Hayfever!!!

It’s still summer – or at least it was sunny when I wrote this.  Knowing the British weather it could be raining now.  However rain doesn’t always stop the effects of hayfever.

Pollen


Allergic rhinitis is an allergic inflammation of the nasal airways. It occurs when an allergen, such as pollen, dust or animal dander (particles of shed skin and hair) is inhaled by an individual with a sensitized immune system. In such individuals, the allergen in affected individuals is mistakenly identified as a threat and triggers the production of the antibody immunoglobulin E (IgE), which binds to mast cells and basophils containing histamine. When caused by pollens of any plants, it is called pollinosis, and, if specifically caused by grass pollens, it is known as hay fever. While symptoms resembling a cold or flu can be produced by an allergic reaction to pollen from plants and grasses it does not cause a fever.

IgE bound to mast cells are stimulated by allergens, causing the release of inflammatory mediators such as histamine (and other chemicals). This usually causes sneezing, itchy and watery eyes, swelling and inflammation of the nasal passages, and an increase in mucus production.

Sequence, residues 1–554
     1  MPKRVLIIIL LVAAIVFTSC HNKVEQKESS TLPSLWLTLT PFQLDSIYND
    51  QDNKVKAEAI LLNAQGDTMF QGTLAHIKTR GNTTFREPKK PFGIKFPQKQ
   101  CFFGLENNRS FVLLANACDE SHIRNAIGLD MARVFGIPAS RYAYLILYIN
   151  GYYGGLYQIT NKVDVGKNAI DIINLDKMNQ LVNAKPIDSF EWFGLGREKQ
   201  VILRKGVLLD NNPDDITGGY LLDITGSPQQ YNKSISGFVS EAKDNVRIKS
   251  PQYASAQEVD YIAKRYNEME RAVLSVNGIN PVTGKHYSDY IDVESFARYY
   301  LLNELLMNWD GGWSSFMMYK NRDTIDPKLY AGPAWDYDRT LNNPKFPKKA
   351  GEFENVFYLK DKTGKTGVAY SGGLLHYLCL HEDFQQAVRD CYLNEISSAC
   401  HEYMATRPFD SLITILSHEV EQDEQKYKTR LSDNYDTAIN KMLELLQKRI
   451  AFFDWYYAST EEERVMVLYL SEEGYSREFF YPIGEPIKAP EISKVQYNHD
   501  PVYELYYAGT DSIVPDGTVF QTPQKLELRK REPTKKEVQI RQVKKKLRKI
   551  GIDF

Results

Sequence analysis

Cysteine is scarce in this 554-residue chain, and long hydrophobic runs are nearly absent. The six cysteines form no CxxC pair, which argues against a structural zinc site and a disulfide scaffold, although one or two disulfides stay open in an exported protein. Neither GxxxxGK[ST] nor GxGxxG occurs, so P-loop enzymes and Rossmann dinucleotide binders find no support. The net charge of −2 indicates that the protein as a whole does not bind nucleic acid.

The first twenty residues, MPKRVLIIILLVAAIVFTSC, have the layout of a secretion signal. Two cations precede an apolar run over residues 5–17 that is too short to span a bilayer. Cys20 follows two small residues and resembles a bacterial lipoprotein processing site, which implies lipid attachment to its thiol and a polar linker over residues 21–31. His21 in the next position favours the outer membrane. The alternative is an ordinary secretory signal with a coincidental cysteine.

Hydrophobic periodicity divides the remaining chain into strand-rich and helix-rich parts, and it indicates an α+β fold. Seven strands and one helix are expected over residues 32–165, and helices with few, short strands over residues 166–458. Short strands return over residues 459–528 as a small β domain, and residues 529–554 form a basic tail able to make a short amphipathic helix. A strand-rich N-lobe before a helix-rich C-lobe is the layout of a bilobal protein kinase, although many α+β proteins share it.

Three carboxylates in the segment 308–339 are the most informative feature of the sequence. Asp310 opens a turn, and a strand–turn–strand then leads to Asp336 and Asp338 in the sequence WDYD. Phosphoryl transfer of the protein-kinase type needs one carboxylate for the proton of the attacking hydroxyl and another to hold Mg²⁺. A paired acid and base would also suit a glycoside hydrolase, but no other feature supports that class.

To reduce the symptoms of hayfever science has developed a number of medications to alleviate or prevent the symptoms.  A fantastic website (Compound Interest) goes into this in much more detail including the amazing infographic below.

http://ift.tt/1qwRvqa
Click to enlarge


Antihistamine drugs include those such as cetirizine and loratadine. They work by binding to the H1 receptors that histamine usually binds to, preventing it from inducing an inflammatory response to the allergens.  As you can see from the infographic above some drugs must be taken before symptoms appear for them to be effective.  Click here for a full screen image.

For more information visit:-
http://ift.tt/1qwRvqc
http://ift.tt/XFpoyt

via Blogger http://ift.tt/XFpoyp

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Posted on August 22, 2014, in Useful Information. Bookmark the permalink. Leave a comment.

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